What is Servant-Leadership

Lane Baldwin Servant LeaderJust before the turn of the millennium, I was introduced to Men’s Wearhouse by my father. An off-hand comment from him was the beginning of a journey that has led me to my work with Larry Spears, the world’s foremost living authority on servant-leadership, and second only to Robert Greenleaf himself, who coined the phrase and founded the servant-leadership philosophy.* It’s an honor to sit on the board of the Spears Center for Servant-Leadership, and to write with Larry, being included in such lofty company as Stephen Covey (7 Habits…), Ken Blanchard, Max DePree and numerous other prominent servant-leaders. But what is servant-leadership, and what does it mean to us, and to our society?

The short answer is this: a servant-leader serves his team ahead of himself, because he knows that doing so is better for everyone, including himself. That’s the core of it. Everyone wins, too. The individuals being served by such a leader are happier in their jobs – and in their lives – and therefore bring their best to their work, which means the servant-led team is more successful in achieving its goals, the company is more profitable (for a number of reasons), customers/clients are better served and therefore happier. It’s a win-win-win-win-win situation! Obviously, it gets much deeper than that, and that’s what people like Larry are for. In order to explain, let me backtrack a bit.

Lane Baldwin Spirit of Servant LeadershipAfter spending four decades at AT&T, climbing from an entry-level position on a crew installing phone poles, to becoming a vice president in the corporate offices, Greenleaf created the Center for Applied Ethics. He spent the rest of his life, writing, speaking and consulting on servant-leadership. He believed, and I agree, that every level of society could benefit, every institution – businesses, universities, government, even religious organizations – could benefit as well. Though he passed almost twenty-five years ago, Greenleaf’s writings live on. Upon his death, the center he founded was renamed in his honor to the Greenleaf Center for Servant-Leadership. Spears assumed leadership of the organization and worked tirelessly to edit a series of anthologies devoted to the servant-leader philosophy. There are now a dozen books in the series, each with numerous essays on the study and implementation of servant-leadership. [I am honored that the latest book – The Spirit of Servant-Leadership (Paulist Press) includes my essay comparing servant-leadership to Native American leadership. Learn more here.]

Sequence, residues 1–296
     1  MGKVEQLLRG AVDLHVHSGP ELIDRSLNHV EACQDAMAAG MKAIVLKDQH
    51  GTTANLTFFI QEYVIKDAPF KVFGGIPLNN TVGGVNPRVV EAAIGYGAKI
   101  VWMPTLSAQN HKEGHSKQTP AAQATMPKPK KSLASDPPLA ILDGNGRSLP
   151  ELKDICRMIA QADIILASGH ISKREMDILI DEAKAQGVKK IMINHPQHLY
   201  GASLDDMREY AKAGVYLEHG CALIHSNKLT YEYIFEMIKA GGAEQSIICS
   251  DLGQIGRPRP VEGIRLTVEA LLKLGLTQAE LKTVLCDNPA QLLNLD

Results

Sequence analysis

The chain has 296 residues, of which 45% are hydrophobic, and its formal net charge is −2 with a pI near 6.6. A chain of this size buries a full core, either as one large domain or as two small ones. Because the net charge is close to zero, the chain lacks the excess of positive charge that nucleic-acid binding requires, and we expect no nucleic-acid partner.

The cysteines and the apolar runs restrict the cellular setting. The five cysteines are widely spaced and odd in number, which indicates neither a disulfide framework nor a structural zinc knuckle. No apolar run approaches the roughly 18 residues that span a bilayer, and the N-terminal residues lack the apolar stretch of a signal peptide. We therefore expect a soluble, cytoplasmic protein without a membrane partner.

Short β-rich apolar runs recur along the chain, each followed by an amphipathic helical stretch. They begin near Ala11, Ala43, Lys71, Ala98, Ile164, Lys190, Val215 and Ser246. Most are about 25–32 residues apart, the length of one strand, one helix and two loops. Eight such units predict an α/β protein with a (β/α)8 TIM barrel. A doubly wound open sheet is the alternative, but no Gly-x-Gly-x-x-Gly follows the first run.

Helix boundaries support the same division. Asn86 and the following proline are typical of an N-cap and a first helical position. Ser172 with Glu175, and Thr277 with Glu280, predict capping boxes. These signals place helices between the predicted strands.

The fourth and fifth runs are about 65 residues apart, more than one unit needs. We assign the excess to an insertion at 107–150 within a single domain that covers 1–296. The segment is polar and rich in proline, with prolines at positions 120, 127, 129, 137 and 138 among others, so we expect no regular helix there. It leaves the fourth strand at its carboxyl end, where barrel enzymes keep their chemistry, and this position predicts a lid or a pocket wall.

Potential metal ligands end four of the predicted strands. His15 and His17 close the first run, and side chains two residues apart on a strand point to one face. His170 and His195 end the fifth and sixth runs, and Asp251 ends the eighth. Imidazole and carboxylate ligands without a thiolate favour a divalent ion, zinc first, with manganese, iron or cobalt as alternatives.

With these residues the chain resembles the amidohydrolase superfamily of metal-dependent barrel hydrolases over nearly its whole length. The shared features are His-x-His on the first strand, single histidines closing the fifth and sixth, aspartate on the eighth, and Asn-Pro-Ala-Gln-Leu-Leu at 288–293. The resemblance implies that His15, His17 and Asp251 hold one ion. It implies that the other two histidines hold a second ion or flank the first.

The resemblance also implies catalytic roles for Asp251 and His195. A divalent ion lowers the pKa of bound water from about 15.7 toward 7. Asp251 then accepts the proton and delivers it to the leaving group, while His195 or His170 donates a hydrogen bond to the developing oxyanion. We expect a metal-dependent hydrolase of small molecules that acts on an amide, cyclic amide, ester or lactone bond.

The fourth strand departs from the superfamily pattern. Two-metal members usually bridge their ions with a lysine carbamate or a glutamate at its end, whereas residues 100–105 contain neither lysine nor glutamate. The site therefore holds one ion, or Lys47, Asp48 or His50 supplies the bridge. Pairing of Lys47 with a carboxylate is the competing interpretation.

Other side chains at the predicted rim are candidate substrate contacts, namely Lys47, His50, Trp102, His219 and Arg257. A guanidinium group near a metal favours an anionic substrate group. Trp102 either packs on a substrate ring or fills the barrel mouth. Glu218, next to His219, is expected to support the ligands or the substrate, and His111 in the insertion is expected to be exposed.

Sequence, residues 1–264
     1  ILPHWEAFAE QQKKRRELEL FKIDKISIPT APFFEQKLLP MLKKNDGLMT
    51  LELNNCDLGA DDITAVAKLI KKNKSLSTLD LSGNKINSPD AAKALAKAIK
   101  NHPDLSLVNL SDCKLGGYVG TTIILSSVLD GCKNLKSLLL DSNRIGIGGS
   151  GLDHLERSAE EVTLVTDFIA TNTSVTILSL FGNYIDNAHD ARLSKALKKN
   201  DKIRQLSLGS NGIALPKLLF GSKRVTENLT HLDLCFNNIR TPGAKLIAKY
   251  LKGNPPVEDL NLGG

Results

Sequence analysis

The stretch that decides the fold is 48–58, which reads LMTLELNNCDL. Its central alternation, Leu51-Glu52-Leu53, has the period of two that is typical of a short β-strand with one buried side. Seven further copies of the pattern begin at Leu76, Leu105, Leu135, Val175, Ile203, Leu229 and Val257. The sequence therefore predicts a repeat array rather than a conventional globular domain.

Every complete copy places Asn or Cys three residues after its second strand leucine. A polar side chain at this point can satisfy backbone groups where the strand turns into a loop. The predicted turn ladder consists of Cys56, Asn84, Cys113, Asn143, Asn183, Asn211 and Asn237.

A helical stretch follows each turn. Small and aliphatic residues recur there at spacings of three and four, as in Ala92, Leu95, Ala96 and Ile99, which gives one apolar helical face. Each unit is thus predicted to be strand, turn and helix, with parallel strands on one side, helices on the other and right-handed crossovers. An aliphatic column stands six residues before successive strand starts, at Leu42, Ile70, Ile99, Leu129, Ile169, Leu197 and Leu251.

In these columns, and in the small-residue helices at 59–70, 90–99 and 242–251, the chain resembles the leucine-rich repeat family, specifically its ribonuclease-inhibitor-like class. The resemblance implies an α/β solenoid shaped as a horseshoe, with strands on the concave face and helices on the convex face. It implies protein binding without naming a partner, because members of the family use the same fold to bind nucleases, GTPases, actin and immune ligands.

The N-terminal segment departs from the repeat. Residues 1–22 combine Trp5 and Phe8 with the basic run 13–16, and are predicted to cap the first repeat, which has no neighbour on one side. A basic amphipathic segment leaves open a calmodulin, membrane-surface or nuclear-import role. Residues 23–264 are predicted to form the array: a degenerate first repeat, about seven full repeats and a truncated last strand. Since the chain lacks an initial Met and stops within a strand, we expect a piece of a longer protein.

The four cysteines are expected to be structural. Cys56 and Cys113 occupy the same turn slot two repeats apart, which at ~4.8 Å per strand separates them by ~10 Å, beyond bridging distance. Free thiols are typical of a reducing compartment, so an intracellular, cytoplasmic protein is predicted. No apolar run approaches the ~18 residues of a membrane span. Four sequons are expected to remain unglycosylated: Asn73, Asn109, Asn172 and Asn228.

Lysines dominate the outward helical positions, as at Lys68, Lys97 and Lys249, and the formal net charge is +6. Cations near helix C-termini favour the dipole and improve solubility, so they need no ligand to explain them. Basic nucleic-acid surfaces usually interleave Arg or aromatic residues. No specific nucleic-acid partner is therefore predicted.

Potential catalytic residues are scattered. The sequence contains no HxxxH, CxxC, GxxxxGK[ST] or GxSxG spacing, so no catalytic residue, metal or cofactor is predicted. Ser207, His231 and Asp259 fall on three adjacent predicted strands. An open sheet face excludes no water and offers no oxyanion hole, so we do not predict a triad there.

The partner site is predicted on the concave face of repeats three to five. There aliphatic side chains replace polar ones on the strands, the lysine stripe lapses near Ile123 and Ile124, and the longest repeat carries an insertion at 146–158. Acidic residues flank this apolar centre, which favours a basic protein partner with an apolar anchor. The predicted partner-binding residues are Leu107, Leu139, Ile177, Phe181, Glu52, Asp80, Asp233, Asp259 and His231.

After seventeen years at the helm of the Greenleaf Center, Larry left to create his own Spears Center in order to concentrate on his writing/editing while also working to increase the teaching of servant-leadership throughout the world. In addition to producing a vast library of materials, he now teaches at several universities, thanks to the Internet.

Lane Baldwin servant leaderOne of the great things about the servant-leader philosophy is that you don’t have to be the head honcho to begin. As Greenleaf himself learned, you can start at the very bottom, adopting the principles and behaviors in whatever job you hold. And look where his ethic landed him – in the top executive suites of a multi-billion dollar company, the point at which he could instigate institutional change in a major player. He then was able to reach out to hundreds of other companies and large institutions to spread his message. And he started as a hole digger for telephone poles.

I firmly believe servant-leadership is the best philosophy to guide any society, large or small. This belief is constantly bolstered as I discover the same principles in successful societies throughout history, and as I see more successes today. I do my best to practice the principles, which I find to be in perfect harmony with my faith, as do thousands of other servant-leaders of many faiths and walks of life around the world. In addition, I have found my greatest fulfillment in service to others, and a servant-leader has many opportunities to feel fulfilled. (More on fulfillment another day.)

I warmly invite you to explore it with me as we move forward. To begin with, you can investigate the links in this article. Over the next few months I will post reviews of each of the books in the servant-leadership series, as well as others I’ve read on the subject.

In closing, let me offer one of Greenleaf’s cornerstone offerings on the subject, one that is quoted more than anything else he said or wrote:

The servant-leader is servant first . . . it begins with the natural feeling that one wants to serve, to serve first. Then conscious choice brings one to aspire to lead.

I hope you’ll join me as I continue to write about this, and that you will find fulfillment in your service as I do mine.

God bless,


PS – If you have questions or comments, I’d love to read them! Please leave your thoughts in a comment below. ~ LB

* – This entire journey, from my father’s comment to Larry Spears’ door, is recounted across four chapters of Fortuitous Encounters, co-edited by Larry and fellow Spears Center board member Paul Davis. It includes not one but a series of encounters that changed my life in wonderful ways. Learn more here.

** – Larry Spears’ essay, Character and Servant-Leadership: Ten Characteristics of Effective, Caring Leaders, is a cornerstone of servant-leadership philosophy. It is the best codification of the traits and behaviors of a true servant-leader. It has been used in dozens of courses in universities around the world, and has been referenced and cited in thousands of papers on the subject.

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